I know a lot of people who don't like to be given expectations of a movie before they watch it so they really try and avoid reviews or even talking to other people who have seen the movie.

FRG on Mar 13, 2011


If anything this saves you from reading an article you may have otherwise skipped over. If you don't care to know why he didn't enjoy the movie you can pass it on by. Seems like a time saver to me.

Jace on Mar 13, 2011


I think this was his Insomnia. I NOT SAYING IN ANY WAY THAT INSOMNIA IS A POOR FILM, but Nolan in a way had to make it to show he could direct a bigger star after Memento; consider this: it's the only film Nolan didn't write..... Same scenario for Duncan Jones in choosing to make Source Code. It's a bigger film than his debut with bigger stars. If it's successful at the box-office this is a huge win for Jones! As for the future of Duncan Jones, I still have faith this guy has some amazing ideas in his head that we will hopefully see in the future. However I will not pay to go see Source Code though after reading this review, but thanks Jeremy!

Day on Mar 13, 2011


i don't know about that insomnia has like 90 % rotten tomato, and i think that's his most under appreciate work to date. The reason i really like that movie is the acting --- the last great pacino performance, the tone, the atmosphere, and the second half of the film. I cant wait to see source code, i hope i enjoy it.

Cooldued_1 on Mar 13, 2011


The Insomnia comparison is one I made on Twitter as well. The point I was going for with that - and I suspect 'Day' feels the same way - is that Nolan's Insomnia remake is his most functional and straightforward movie to date. He directed it to show his capability as a commercial studio filmmaker and skill with A-list actors following an impressive indie breakthrough. For all its technical accomplishments and strong performances, it has the least personality of all his movies (blunting the edges of the superb and amoral Norwegian original) and if you tried to predict where his career might go at that moment in time it wouldn't have been totally implausible to see him continue as a classy but unexciting Sam Mendes/Michael Apted clone. Fortunately he didn't take that path, but Jones is now at the same crossroads. He's apparently made something entertaining and accessible, but where will he go from here? More of the same? Or, will he use its potential success to open doors and find funding for future personal projects like Mute? Fingers crossed for the latter, eh?

Mathieu David on Mar 13, 2011


Right on the money! I am still excited to see what Jones comes up with next, but I will pass on this one until it hits Bluray.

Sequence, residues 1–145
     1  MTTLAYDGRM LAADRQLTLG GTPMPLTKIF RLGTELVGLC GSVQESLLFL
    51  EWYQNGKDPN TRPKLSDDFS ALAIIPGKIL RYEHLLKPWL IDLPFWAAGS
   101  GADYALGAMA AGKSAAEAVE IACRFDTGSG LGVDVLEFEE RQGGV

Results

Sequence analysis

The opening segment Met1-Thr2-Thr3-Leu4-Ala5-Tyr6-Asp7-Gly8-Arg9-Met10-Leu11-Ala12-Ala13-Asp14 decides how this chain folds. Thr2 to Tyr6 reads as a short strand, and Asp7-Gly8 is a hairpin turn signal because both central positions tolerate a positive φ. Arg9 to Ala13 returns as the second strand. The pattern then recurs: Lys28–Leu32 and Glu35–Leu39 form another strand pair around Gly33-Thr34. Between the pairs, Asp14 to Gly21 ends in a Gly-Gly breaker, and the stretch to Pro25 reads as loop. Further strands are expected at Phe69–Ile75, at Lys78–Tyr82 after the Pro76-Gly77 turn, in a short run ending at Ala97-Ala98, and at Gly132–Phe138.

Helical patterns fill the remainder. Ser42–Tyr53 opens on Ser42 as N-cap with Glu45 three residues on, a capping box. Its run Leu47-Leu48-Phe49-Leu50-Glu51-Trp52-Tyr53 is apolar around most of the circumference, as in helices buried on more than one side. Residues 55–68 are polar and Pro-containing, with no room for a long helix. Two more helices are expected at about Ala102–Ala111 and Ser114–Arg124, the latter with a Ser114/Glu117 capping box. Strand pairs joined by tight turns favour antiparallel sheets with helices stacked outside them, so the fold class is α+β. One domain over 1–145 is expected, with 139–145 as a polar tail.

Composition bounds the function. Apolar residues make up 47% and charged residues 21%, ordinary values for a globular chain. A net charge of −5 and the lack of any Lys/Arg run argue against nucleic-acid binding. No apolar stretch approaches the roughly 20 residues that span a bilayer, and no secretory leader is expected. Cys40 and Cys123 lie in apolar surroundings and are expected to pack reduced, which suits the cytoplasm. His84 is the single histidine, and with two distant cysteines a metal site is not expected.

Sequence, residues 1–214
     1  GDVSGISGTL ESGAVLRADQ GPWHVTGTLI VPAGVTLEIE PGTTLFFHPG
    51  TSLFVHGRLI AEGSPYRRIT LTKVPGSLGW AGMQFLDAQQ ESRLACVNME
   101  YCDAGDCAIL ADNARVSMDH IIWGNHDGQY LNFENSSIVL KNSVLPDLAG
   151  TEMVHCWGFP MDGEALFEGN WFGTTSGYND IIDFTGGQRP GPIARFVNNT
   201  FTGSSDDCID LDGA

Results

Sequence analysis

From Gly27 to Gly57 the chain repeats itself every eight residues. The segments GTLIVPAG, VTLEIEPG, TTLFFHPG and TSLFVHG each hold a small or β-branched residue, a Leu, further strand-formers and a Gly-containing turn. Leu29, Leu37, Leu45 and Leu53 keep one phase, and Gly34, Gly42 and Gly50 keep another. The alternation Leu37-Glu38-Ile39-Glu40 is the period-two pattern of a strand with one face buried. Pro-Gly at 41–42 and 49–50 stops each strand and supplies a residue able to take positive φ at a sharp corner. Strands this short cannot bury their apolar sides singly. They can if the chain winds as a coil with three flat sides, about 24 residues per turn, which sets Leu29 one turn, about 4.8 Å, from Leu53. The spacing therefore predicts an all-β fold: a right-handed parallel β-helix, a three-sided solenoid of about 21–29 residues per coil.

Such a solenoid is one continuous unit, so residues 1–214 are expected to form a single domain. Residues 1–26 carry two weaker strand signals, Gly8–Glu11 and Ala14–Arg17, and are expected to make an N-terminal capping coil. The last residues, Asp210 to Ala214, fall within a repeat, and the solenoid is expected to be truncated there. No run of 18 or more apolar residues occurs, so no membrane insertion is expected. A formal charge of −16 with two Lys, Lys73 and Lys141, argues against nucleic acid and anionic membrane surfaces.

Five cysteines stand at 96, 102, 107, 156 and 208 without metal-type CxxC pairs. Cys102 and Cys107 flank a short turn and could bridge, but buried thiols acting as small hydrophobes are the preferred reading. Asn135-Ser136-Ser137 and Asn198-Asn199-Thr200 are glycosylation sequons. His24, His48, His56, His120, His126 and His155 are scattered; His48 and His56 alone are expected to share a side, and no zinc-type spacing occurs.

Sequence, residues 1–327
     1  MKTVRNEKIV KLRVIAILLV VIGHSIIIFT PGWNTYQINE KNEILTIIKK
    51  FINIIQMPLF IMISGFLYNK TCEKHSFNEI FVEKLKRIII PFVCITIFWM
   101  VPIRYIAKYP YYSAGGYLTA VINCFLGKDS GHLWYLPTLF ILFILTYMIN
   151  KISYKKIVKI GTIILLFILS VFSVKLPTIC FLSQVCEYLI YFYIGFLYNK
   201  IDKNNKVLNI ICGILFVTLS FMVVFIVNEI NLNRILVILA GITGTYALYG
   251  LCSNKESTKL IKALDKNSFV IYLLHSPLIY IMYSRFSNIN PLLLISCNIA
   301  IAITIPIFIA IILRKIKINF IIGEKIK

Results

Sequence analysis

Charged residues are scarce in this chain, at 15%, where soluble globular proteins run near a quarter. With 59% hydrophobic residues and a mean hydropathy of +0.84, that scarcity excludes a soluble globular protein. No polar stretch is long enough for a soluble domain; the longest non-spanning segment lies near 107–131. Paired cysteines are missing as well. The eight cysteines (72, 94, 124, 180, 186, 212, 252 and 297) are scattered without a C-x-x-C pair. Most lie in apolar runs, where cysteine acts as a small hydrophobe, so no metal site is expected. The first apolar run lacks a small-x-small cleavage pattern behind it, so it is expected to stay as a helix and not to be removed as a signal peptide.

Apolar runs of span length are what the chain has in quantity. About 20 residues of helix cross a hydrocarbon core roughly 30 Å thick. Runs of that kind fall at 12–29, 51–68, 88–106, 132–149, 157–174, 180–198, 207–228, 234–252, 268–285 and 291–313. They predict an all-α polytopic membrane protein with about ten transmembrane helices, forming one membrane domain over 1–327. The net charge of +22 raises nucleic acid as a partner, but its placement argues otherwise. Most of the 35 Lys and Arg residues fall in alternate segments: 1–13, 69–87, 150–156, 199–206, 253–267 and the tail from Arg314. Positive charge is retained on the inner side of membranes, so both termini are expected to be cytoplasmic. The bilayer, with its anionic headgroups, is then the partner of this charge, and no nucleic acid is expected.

Day on Mar 13, 2011


It has all the workings of a classic noir film. The cat and mouse game between the leads is great. You guys bitch so much about everything. I hate internet people.

Rashad on Mar 13, 2011


So it only takes one bad review to convince you not to pay for a movie?

Anonymous on Mar 13, 2011


It's a headline, why should the opinion be omitted?

BinaryBob101 on Mar 13, 2011


Alex - its also obvious you don't really understand how the movie industry works. I'm sure Duncan made a film that he's very proud of - yet at the same time, I'm also sure that at some point during production the studio meddled with his original vision, and he would have been forced to make some sacrifices. I too caught the film yesterday and after reading the original script by Ben Ripley you can certainly see it's a lot less sci-fi and edgy. It's been dramatically dumbed down. Now that's the problem right there - studios are forcing film makers to play it safe and not take risks anymore - even though this film was in many ways a risk - but it's really not the directors fault a lot of the time. Duncan is trying to break in and find his foot hold, so in many ways, he has to play along with the studio number crunchers and suits. That's the movie biz in a nutshell these days. Corporations that don't care about art, vision, or risky, provocative storytelling. All they do is watch the numbers. All they care about is the bottom line. I'm sure Duncan knew that going in.

CiKleft on Mar 13, 2011


Alex didn't' write this

Coviekiller23 on Mar 13, 2011


Or whomever wrote it.

CiKleft on Mar 13, 2011


Yea, this was written by Jeremy Kirk. I'm not at SXSW, he is covering the festival for this year. You can find his name listed in the byline underneath the title on this page and here's his intro article for covering the 2011 fest: That said, I've seen the film and I actually agree with your opinion more than Jeremy's. I really liked it too, but I think it's a "safe" follow-up for Jones, but that doesn't matter. The film had some great moments and I enjoyed it.

Alex Billington on Mar 13, 2011



Rashad on Mar 13, 2011


After the abominable grade he assigned Rango, I don't trust anything this guy reviews.

ate on Mar 13, 2011


Like any review, it's just an opinion, not fact, and he's entitled to express his views as we all are. I still want to see this and anticipate liking it more than Jeremy did, but you never know...

Mathieu David on Mar 13, 2011


You are completely ridiculous. You need to let people speak their mind. NO ONE is telling you that this is fact, this is merely Jeremy's opinion (and a very well written one at that.) Please grow up and understand that not everyone needs to enjoy the same films.

Seriously? on Mar 13, 2011


guess ill find out for myself

A5J4DX on Nov 13, 2018


guess ill find out for myself

A5J4DX on Nov 13, 2018


I really do hope you're wrong!

Lucas Rios on Mar 13, 2011


god the comments on this one are ridiculous

Anonymous on Mar 14, 2011


Please dont let this site turn into AICN nonsense

Tester on Mar 14, 2011


Source Code is Jake Gyllenhaal's movie so if you like it, which I did, credit Jake and if you are disappointed don't blame Duncan Jones who did a terrific job.

SilverSurfer on Apr 2, 2011


Thought it was great, I give credit to Gyllenhaal, thought he was the driving force behind it all.

Cody W. on Apr 6, 2011